By Tom Brueggemann | Thompson on Hollywood August 5, 2012 at 2:23PM
After last weekend's Olympics-be-damned slate of high pedigree new films, the second weekend provided only one with real expectations - Sundance Premiere section acquisition "Celeste and Jesse Forever." And despite overall mixed reviews, it achieved the best opening numbers of any new release since "Beasts of the Southern Wild," showing that there is room for more hits in this already upbeat specialized summer.
"Celeste and Jesse Forever" (Sony Pictures Classics) - Metacritc score: 57; Festivals include: Sundance 2012, Los Angeles 12
$112,011 in 4 theaters; PSA (per screen average): $28,003
With its solid opening weekend, indie rom-com "Celeste and Jesse" scored the best NY/LA grosses of recent indie millennial urban romances ("Lola Versus," "Take This Waltz" and "Ruby Sparks"), despite a range of divergent reviews. This is that rare 2012 indie opening sparked by a youth appeal.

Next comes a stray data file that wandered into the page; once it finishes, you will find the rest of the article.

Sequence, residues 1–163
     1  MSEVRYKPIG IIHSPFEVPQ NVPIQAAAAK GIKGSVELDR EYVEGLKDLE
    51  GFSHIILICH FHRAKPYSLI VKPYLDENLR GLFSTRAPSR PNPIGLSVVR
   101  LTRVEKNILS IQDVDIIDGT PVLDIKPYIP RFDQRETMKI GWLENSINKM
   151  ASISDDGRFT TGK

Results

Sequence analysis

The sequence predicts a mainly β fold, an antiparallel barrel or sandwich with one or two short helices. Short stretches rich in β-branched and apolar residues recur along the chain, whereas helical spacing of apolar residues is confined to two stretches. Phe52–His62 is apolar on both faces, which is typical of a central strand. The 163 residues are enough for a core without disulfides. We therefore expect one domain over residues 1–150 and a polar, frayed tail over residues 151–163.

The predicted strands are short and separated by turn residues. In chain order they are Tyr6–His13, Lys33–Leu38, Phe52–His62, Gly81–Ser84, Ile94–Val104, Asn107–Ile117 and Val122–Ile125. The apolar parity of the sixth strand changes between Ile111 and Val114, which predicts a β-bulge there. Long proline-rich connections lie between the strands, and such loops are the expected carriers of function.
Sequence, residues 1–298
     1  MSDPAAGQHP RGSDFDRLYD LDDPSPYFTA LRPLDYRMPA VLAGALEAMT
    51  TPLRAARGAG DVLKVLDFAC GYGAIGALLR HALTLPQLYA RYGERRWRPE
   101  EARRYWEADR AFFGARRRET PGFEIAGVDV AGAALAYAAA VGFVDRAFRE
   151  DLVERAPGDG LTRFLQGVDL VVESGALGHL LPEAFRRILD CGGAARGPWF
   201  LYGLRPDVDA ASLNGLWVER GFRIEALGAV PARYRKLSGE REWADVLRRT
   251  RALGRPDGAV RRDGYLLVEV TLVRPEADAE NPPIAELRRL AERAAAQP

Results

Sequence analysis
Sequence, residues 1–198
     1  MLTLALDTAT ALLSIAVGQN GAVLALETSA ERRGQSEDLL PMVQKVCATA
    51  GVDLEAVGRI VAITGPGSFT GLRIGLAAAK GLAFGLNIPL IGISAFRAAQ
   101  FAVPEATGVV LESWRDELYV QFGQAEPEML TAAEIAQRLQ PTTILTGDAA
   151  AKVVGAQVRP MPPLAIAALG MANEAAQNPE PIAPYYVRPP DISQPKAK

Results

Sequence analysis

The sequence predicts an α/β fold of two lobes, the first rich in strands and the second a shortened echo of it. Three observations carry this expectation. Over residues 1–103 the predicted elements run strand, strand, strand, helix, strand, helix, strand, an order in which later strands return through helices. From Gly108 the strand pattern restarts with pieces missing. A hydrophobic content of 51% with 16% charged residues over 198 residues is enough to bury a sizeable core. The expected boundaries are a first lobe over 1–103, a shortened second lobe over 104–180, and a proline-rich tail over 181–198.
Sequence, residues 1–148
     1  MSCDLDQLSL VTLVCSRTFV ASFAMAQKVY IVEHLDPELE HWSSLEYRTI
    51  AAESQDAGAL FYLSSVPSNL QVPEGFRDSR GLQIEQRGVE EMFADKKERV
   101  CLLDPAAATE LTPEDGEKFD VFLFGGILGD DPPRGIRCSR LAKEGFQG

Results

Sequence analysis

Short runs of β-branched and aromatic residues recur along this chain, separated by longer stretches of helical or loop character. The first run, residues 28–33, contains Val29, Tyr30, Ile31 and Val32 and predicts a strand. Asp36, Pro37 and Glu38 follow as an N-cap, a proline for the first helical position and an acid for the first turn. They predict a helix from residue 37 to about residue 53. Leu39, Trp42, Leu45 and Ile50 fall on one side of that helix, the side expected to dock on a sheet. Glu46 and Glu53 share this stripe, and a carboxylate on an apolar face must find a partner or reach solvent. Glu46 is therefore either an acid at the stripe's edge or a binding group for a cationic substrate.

Co-written by lead Rashida Jones (as "Ruby Sparks" was written by its lead actress Zoe Kazan), this LA divorce dramedy was a Sundance acquisition (a reported $2 million price for multiple international territories along with the US). It looks like a smart buy.
What it means: TV-familiar Jones ("The Office") and co-star Andy Samberg ("SNL") advance their movie careers as the key elements in the film's appeal as it expands.
"360" (Magnolia) - Metacritic score: 42; Festivals include: Toronto 11, London 11; also available on video on demand
$12,600 in 2 theaters; PSA: $6,300
Six years ago, there were few directors hotter than Brazil's Fernando Meirelles after "City of God" and "The Constant Gardner." Since then, "Blindness" and now "360," both multi-storied meditations on contemporary life, have failed to build on his earlier momentum, with this latest getting weak reviews after tepid festival reaction.
"360" premiered at Toronto; it began its video on demand run weeks ago before only now nabbing a theatrical release.
What it means: The VOD availability and these grosses mean only minimal future theatrical exposure ahead.